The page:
Springtime sets the stage for return of fleas

In the Dog House with Jill

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Jill Showalter

Every day, it comes a little closer. You can feel it in the air. The trees are beginning to bud, the grass is getting greener and the birds are returning from their winter vacations. Ahhh, spring. You can feel it.

Of course, not all feels are welcome, especially if they're from fleas, who are re-emerging as the weather warms up. Since they'll be joining your dog for a little outdoor fun, it's time to consider some basic tips on dealing with spring's unwelcome guests.

The old rules don't apply when it comes to today's outdoor pests. Cold weather seems to take hold later and later each year and things start heating up sooner. The month-long cold snaps of yesterday have been replaced with a few days of freezing temperatures here and a few inches of snow there. As a result, fleas begin their life cycle earlier than before. They thrive when the humidity rate is more than 50 percent and when the temperatures crack the 50s and 60s, so there's a good chance they've already entered the neighborhood.

While there are more than 2,000 species of fleas, it's likely that your dog will encounter one of two varieties: dtenocephalides felis, which is known as the cat flea, and ctenocephalides canis, the dog flea. Unlike your college roommate, who won't stop by for a visit because she's a self-described "cat person" and gets a little nervous around your dog, cat and dog fleas claim no allegiance when it comes to their carriers. They're equal-opportunity pests. And since female fleas can only lay eggs when they're attached to a host, which in this case, is your dog, they'll be looking for a nearby warm-bodied blanket of fur.

Telltale signs

As fleas begin to re-emerge, it's important to realize that it's hard for your dog to avoid them. Fleas live in the grass and other areas of natural growth. The flea circus cartoons you grew up with may not exist, but you can be sure there's a flea-frequented spot in your dog's day-to-day life, whether it's your yard, the park or the shaggy coats of his canine companions. One thing the cartoons got right is that fleas do indeed hop. That's how they get from the grass to your dog, how they get from your dog to the neighbor's dog and how they get from the neighbor's dog to the neighbor's couch.

If you want to check your dog for fleas, look by their groin area, on their stomach and in their armpits—or any other place on their bodies that is especially warm. And don't ignore the obvious. A good sign your dog has fleas is that he's scratching more than usual. You can also take your hand and run it against the grain of your dog's fur and look for flea dirt, which is actually small black specs of dried blood and are usually found on your dog's stomach and tail.

Despite the above advice, don't wait for your dog to scratch herself silly before checking for a flea problem. Some dogs are affected differently by fleas and others may have a higher tolerance for scratching an itch, so you should be checking your dog for fleas on a regular basis.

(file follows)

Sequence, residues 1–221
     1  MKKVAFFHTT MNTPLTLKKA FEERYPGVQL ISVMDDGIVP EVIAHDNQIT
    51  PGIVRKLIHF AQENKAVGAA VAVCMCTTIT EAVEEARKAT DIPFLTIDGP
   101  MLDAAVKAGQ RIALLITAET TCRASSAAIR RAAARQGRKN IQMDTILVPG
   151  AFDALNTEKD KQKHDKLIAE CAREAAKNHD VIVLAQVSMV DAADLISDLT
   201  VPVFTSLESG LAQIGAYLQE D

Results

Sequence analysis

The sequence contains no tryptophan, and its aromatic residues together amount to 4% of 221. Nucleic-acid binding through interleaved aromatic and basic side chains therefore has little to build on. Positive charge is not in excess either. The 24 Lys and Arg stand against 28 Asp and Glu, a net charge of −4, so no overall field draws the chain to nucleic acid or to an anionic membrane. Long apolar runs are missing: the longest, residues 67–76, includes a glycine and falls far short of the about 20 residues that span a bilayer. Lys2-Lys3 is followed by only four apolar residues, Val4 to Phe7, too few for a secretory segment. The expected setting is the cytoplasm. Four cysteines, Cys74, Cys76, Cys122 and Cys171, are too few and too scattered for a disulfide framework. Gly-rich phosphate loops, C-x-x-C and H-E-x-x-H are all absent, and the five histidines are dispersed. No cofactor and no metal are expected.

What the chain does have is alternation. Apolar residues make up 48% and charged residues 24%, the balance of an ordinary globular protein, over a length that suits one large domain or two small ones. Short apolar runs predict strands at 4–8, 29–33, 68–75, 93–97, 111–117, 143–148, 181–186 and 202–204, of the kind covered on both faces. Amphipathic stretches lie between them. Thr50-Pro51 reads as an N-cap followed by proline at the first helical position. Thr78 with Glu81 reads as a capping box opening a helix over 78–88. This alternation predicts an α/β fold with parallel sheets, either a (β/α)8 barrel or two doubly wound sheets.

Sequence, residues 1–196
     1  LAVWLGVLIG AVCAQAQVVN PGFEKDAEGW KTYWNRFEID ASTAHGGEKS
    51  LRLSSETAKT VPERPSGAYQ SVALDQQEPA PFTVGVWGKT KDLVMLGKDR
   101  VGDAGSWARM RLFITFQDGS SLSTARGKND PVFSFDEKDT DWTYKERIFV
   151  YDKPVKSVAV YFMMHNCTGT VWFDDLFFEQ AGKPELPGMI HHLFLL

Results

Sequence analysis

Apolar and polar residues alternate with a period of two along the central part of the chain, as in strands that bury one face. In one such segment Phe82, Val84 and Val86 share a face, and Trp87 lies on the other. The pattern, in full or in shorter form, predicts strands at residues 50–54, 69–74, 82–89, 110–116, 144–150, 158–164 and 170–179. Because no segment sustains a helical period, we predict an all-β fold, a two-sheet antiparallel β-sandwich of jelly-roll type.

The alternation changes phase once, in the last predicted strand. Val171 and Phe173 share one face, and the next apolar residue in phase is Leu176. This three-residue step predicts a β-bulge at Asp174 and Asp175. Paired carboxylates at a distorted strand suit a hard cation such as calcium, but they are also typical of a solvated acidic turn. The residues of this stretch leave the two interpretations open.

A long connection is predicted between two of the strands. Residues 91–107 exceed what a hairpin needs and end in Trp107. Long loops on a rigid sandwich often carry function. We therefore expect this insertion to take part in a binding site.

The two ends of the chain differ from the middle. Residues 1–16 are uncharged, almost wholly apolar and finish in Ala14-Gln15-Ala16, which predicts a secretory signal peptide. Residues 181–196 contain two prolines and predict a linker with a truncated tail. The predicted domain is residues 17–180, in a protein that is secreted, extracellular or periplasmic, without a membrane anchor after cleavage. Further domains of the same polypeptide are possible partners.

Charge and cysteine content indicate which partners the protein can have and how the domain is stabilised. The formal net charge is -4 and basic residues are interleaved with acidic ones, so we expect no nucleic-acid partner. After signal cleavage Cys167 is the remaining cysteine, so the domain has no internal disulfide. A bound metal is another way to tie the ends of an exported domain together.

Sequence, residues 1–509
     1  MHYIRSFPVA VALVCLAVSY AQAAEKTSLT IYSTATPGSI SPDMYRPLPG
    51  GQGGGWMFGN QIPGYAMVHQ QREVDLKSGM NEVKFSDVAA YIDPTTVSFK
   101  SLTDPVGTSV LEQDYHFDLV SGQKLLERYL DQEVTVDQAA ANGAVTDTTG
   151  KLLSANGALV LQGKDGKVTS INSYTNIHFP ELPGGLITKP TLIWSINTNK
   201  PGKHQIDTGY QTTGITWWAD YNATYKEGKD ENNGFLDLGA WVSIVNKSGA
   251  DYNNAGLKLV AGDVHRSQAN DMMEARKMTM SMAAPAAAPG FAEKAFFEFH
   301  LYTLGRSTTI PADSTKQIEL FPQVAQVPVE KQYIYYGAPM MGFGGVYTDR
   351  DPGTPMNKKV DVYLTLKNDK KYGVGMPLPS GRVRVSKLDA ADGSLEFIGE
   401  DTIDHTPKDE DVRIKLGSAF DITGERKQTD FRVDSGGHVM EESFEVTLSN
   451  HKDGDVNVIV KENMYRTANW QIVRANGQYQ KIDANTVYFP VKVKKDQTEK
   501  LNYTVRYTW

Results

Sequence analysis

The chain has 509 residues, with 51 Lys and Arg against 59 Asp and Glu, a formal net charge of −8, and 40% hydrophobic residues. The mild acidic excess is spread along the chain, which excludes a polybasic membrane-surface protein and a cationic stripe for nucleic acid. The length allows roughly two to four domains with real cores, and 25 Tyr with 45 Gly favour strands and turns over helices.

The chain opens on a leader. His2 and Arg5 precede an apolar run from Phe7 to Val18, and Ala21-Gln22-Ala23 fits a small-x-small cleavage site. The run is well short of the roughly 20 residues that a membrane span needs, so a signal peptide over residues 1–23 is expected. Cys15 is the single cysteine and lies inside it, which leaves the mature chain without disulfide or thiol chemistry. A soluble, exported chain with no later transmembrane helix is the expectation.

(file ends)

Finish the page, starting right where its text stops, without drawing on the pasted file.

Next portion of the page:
Flea baths, while important, kill the fleas but they do nothing to kill the eggs or larvae. And if you kill the fleas and leave their offspring, you'll find your dog's coat crawling with fleas again and again, no matter how many times you bathe her.

That's why the treatment is important. Check online for reviews of the most effective flea treatments. Spot-on treatments are the most effective and are fairly easy—but a little tedious—to apply it to your dog. But the treatments work. They kill off eggs and usually last 30-45 days, and that's why spot-on treatments aren't a one-and-done thing. You'll need to re-apply the treatment as instructed, usually every 30 days, to make sure your dog stays free from fleas until the first frost sets in later this year.

While some of the flea-prevention collars sold at pet stores aren't too effective, you can find a quality collar—the gray ones—at your vet. Again, you'll need to kill the fleas and the eggs first.  

A flea collar doesn't do you or your dog any good if he already has fleas.

Fleas in the house

Another thing to consider is that once your dog has fleas, it's fairly likely that your house has fleas. You can bathe and treat a dog for fleas but if the couch she's laying on or the dog bed she rests on are housing fleas and their eggs, your dog will serve as a vehicle for a new community of fleas in no time.

If you find fleas in your house—look on your dog's bedding, on carpets, on clothing, on blankets—you should dig in for a long battle. Throw out your dog's bed and begin frequent vacuuming and steam-cleaning, which will help collect and kill fleas and eggs. Some infestations may require a flea bomb, which will require that you cover or remove many of your home's items and keep everyone away from the house for several hours, at least.

Like their owners, dogs have been waiting for months for spring to return. Once again, they'll be able to enjoy walks in the park, play fetch in the yard and take that occasional lazy nap on the back porch. Don't let fleas ruin your dog's time in the sun. A proactive approach can help you and your dog enjoy spring to its fullest.

Jill Showalter owns Yuppie Puppy and Doggie Day Play in Oak Park. She has personally tended to more than 100,000 dogs since 2007 and has shared stories and advice with numerous dog owners.

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